“ David, I see where your references to the five natural disasters fits into our study now. Guelich postulated an interesting theory. But listen to what Vincent Taylor suggests:
The motives which led him to write must have been those which influenced all the Synoptic writers – the delay of the Parousia, the passing away of eyewitnesses, and the desire to preserve the oral teaching of the primitive communities. Other motives, apologetic, liturgical, catechetical, must have also have guided his undertaking.”
“David, let me sum Taylor’s evaluation on Mark’s apologetic motive. Taylor says that Mark’s primary motive related to apologetics was not to refute some heretical teaching, such as Docetism or answering questions related to the person of Jesus, but rather, Mark’s apologetic motive revolves around the truth of Jesus being the Messiah, the Son of God, the champion over Satan and all his powers, that Jesus endured suffering, was crucified, and rose again in three days.” (Click to Tweet) 
“Hugh, returning to Guelich’s comments on Mark 1:8:26, he insists that to know the purpose of Mark’s Gospel, one must begin at 1:1 where Mark says he set out to write the “gospel concerning Jesus Messiah, Son of God.”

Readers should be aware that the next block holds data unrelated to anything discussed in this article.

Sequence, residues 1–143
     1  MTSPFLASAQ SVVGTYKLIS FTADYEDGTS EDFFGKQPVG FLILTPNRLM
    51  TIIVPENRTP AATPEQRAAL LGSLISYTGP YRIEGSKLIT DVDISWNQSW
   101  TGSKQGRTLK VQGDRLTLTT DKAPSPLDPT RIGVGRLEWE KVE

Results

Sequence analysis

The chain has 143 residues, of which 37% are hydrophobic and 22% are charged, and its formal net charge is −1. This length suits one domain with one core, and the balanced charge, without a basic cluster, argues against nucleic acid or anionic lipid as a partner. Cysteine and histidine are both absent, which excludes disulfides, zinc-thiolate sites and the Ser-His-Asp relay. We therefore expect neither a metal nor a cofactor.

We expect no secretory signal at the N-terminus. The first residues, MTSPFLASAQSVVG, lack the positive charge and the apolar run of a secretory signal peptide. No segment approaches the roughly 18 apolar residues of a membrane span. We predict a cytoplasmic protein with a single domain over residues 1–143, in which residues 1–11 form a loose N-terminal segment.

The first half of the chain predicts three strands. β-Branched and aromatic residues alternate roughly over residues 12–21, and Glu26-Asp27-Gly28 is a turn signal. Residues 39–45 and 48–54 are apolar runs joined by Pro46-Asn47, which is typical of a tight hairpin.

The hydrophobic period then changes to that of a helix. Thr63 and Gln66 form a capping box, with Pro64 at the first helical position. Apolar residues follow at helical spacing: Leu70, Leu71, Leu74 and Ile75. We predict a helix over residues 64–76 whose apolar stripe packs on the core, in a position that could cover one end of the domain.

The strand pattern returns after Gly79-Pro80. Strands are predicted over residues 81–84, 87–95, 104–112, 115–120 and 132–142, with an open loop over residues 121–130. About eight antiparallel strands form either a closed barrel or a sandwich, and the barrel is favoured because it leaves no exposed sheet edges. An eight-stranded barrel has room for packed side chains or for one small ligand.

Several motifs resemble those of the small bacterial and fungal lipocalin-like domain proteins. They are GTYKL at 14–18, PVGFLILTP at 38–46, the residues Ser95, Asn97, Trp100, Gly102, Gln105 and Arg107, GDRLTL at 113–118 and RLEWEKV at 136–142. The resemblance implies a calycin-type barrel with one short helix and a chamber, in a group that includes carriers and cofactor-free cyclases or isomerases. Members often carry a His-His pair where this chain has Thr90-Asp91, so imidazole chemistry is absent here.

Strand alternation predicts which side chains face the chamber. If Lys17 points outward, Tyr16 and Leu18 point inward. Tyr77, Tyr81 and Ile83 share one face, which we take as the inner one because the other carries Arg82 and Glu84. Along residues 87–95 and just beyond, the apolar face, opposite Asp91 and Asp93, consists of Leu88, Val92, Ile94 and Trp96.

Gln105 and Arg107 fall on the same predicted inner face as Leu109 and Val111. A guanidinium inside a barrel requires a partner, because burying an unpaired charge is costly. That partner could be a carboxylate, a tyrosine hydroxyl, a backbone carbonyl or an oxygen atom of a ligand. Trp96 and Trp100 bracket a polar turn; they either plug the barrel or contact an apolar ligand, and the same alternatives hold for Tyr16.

“Guelich asserts that Mark’s purpose involved conserving the tradition since the early authorizing witnesses for the traditions were dying. By writing down the “gospel,” Mark preserved the Gospel from distortions or disappearance. Guelich criticizes this view by asserting that oral tradition had proved to be as reliable as the written resources in some cases.”
“That is helpful, David. Timothy J. Geddert said, “Mark wrote primarily for people already sharing his conviction that the Gospel traditions are reliable. Mark interprets Jesus, rather than trying to verify traditions about him.” (Click to Tweet) 
Geddert adds Mark penned his Gospel to have a specific impact on the reader as they study it from the beginning to the conclusion. He believes that Mark wrote his Gospel so that those who study each part in detail will be additionally impacted.
“David, Larry W. Hurtado explains another avenue related to the purpose of Mark’s Gospel. He offers some insight. He agrees that Mark is a Gospel about Jesus but asserts that it is also a book about discipleship, that is, how to live as a follower of Jesus.”